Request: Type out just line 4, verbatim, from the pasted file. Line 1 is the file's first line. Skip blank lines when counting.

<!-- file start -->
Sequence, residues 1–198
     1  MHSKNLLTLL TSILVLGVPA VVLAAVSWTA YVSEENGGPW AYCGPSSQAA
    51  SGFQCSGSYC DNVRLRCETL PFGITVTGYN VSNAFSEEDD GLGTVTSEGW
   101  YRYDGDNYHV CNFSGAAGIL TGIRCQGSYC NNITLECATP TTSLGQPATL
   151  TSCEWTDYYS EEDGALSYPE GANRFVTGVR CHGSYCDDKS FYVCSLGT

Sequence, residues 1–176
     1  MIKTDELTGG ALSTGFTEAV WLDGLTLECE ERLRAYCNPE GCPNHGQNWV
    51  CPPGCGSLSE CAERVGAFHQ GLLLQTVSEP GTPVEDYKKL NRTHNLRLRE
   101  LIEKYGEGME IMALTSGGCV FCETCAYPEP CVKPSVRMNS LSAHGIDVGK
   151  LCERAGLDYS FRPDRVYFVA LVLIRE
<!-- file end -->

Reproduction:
   101  YRYDGDNYHV CNFSGAAGIL TGIRCQGSYC NNITLECATP TTSLGQPATL